Table 6.

Clinical Trials That Compare the Success Rate of Certain Compounds Used in Antiemetic Prophylaxis After LC.

Studies, year  No. of patients  Drugs compared  + Antiemetic effect 
Thune et al.,114 1995  100  Transdermal hyoscine vs MTC  MTC 
Naguib et al.,115 1996  132  OT vs Granisetron vs MTC vs placebo  OT 
Koivuranta et al.,116 1996  63  OT vs placebo  → 
Steinbrook et al., 1996  200  Droperidol vs OT vs MTC vs placebo  Droperidol/MTC 
Pertusa et al.,118 1996  100  MTC vs OT vs droperidol vs placebo  → 
Ploner and Kainzwaldner,119 1997  120  MTC vs OT  OT 
Parlow et al.,120 1999  95  Promethazine vs placebo  → 
Ruiz de Adana et al.,121 1999  54  OT vs placebo  OT 
Wang et al.,122 1999  90  DxM vs placebo  DxM 
Helmy,123 1999  160  OT vs MTC vs droperidol vs placebo  OT 
Fuji et al.,124 2000  120  Droperidol vs MTC vs granisetron vs placebo  Granisetron/MTC 
Liberman et al.,125 2000  84  OT vs placebo  OT 
Fujii et al.,126 2000  12  Granisetron vs placebo  Granisetron 
Wilson et al.,127 2001  232  MTC vs OT vs placebo  MTC 
So et al.,128 2002  68  OT vs placebo  → 
Coloma et al., 2002  140  DxM/dolasetron vs placebo  → 
Argiriadou et al.,130 2002  87  OT vs tropisetron vs placebo  Tropisetron/OT 
Karanicolas et al.,129 2008  M (2.174)  DxM vs placebo  DxM 
Murphy et al.,131 2011  120  DxM vs placebo  DxM 
Hessami and Yari,132 2012  104  DxM vs granisetron  → 
Fujii et al.,133 2013  80  Granisetron vs placebo  Granisetron 
Wu et al.,134 2013  M (998)  Granisetron vs OT  → 

DxM: dexamethasone; M: meta-analysis; MTC: metoclopramide; OT: ondansetron; →: no significant difference among compounds.

Different work groups have shown excellent results with the administration of OT and granisetron to reduce N/V after ALC (Level of evidence I, cat. A). They recommend the systematic administration of dexamethasone (8mg iv) before induction as a more effective measure to reduce the incidence of N/V (Level of evidence I, cat. A).125–130

Quality Perceived in ALC

The evaluation of the quality of care associated with ambulatory treatment should be included in the analysis of the safety, efficacy and satisfaction of the patient.81,135,136

Need for Patient Satisfaction Surveys

This is an essential condition to evaluate the objectives set for these last 25 years. Results of the ambulatory process should be analyzed to respond to patient needs and expectations after determining the degree of perceived satisfaction. The degree of acceptance manifested by ALC patients ranges from 60% to 95%.15,19,21,24,25,27,137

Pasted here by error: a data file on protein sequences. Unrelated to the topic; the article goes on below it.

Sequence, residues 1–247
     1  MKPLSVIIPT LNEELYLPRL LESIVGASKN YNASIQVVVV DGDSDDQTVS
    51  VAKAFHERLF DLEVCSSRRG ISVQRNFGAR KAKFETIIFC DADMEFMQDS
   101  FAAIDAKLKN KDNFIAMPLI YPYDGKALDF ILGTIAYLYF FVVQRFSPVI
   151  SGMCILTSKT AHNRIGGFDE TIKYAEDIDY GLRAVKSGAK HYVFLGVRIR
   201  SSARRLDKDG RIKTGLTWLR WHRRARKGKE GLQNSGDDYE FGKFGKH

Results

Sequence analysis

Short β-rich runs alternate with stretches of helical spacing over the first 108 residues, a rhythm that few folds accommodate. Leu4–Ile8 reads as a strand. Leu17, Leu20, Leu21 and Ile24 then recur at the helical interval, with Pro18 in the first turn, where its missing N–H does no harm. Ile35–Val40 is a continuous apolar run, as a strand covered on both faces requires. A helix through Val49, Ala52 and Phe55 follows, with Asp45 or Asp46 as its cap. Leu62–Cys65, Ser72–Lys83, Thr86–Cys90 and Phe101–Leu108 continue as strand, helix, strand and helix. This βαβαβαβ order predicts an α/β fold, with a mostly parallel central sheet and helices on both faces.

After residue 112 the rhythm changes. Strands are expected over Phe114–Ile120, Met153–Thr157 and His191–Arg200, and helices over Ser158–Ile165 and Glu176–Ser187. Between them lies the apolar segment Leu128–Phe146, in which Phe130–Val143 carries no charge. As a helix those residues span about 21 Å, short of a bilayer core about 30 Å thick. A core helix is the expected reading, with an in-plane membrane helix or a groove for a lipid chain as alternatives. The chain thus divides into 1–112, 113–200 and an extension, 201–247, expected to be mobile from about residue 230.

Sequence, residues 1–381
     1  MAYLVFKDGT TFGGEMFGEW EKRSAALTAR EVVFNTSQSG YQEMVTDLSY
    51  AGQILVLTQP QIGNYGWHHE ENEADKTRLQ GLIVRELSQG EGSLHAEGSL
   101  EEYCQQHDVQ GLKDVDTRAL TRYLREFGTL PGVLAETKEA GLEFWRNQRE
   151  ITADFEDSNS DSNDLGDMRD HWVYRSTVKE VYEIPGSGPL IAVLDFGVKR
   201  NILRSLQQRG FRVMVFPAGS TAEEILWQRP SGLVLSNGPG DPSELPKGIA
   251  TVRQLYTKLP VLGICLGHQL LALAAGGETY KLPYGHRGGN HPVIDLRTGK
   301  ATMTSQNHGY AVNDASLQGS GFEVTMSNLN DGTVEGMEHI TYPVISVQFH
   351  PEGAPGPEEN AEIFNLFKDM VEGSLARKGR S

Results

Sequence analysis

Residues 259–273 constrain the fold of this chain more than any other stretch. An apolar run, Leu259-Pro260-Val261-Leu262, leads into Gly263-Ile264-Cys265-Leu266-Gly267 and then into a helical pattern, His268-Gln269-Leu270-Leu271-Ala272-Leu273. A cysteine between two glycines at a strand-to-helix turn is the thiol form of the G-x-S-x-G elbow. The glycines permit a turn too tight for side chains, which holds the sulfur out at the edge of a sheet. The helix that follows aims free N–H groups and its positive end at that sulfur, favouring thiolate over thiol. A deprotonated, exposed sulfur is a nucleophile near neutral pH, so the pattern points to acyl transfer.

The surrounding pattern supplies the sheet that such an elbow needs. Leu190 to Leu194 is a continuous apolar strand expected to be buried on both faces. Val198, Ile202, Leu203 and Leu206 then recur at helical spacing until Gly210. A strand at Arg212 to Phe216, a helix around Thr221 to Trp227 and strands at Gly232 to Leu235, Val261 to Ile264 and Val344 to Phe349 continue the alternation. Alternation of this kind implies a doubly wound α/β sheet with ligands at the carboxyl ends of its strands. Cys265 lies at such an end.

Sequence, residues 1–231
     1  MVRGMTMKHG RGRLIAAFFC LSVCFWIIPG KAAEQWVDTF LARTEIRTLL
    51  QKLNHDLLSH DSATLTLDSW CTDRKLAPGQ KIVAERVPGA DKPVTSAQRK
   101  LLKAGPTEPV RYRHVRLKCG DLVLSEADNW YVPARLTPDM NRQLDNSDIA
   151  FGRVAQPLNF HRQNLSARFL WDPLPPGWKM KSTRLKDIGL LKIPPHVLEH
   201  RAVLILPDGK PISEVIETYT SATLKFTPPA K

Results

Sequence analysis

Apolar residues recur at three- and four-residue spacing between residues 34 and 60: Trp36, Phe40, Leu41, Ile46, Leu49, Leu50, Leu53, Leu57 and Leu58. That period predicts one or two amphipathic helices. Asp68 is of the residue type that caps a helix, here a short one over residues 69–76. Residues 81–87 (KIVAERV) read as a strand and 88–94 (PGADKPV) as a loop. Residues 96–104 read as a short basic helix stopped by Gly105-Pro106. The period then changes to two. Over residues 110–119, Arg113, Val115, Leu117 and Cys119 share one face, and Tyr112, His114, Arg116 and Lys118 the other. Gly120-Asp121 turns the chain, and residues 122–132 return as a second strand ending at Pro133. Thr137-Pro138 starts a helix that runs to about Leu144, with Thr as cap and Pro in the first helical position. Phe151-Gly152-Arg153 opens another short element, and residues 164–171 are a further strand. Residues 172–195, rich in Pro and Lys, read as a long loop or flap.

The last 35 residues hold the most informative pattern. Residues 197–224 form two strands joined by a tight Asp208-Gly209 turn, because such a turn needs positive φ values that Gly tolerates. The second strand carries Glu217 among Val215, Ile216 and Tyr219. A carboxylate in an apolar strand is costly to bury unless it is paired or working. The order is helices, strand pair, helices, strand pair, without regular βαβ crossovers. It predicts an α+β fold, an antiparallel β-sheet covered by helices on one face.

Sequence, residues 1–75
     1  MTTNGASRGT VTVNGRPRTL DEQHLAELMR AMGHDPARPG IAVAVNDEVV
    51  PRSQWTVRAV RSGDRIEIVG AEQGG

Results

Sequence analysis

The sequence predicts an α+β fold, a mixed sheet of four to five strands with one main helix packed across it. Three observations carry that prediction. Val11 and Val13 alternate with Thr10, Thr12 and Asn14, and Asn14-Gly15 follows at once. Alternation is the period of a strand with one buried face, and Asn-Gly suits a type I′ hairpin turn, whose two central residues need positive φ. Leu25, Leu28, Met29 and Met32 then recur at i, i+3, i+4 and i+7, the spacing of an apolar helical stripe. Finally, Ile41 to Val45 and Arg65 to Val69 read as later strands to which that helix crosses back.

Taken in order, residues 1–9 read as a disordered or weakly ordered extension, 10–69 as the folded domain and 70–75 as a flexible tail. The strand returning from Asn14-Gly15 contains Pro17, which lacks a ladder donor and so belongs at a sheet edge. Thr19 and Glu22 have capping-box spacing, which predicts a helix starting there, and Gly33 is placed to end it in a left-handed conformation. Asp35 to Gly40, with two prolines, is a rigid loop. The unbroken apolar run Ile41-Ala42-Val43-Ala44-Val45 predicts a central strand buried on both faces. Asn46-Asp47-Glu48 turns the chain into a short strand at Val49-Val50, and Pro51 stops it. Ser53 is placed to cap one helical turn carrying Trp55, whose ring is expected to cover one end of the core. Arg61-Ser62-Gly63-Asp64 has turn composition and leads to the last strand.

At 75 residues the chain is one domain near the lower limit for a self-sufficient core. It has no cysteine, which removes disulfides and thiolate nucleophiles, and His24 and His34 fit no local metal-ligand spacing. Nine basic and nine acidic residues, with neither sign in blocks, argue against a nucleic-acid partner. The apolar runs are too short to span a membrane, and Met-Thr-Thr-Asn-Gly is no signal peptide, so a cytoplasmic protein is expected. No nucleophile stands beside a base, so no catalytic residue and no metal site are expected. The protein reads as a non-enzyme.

Patient dissatisfaction, which is very low according to the series, can be correlated with variables such as time transpired between admission to hospital and surgery, time between surgery and discharge, and amount of pain experienced.138 Therefore, important questions that are still being debated are the best time for the perceived quality survey, and whether this should be anonymous or not.20,21,33,35

We have observed a significantly lower percentage of failures in ALC programs that establish preoperative protocols for patient information and address several aspects related with the acceptance of early discharge after surgery.27,139–141 In our country, few series have published results about the acceptance of the process after a postoperative survey. This percentage ranges from 85% to 98%, although we should add that up to 19% of patients indicated that they felt that discharge was either too premature or unsafe because they had not been hospitalized.3,51,63,142

Postoperative Follow-up

There are several modalities for the postoperative follow-up of ALC. Some groups make patient house calls in cases with persistent pain in the first few days after surgery,20,143 while other make a series of follow-up telephone calls the first 3 weeks after the procedure.23,31 Most studies concur that optimal postoperative management involves initial contact the same night or morning after surgery (which is basically done by the home hospitalization unit) and later scheduled outpatient follow-up visits between the first and second weeks post-op and then one month after cholecystectomy.12,21,26,35,48


ALC represents the present and future of uncomplicated cholelithiasis treatment as it can be done with good results, safely, with low morbidity and a high level of patient satisfaction. Individualization of the process is essential. Factors that ensure a high level of success are strict patient selection and surgical teams with experience in LC. Likewise, we believe that the leadership and decision-making process, as well as the performance of the surgical intervention itself, should be organized by surgical groups and not determined by the politico-economic situation. Decisions that would modify fundamental aspects of the process should not be made outside of the surgical setting.

ALC should be a key objective in surgical units, especially in this day and age when so many measures of uncertain efficacy are being proposed to sustain the Spanish national healthcare system.

Conflict of Interest

The authors have no conflict of interests to declare.

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Please cite this article as: Bueno Lledó J, Granero Castro P, Gomez i Gavara I, Ibañez Cirión JL, López Andújar R, García Granero E. Veinticinco años de colecistectomía laparoscópica en régimen ambulatorio. Cir Esp. 2016;94:429–441.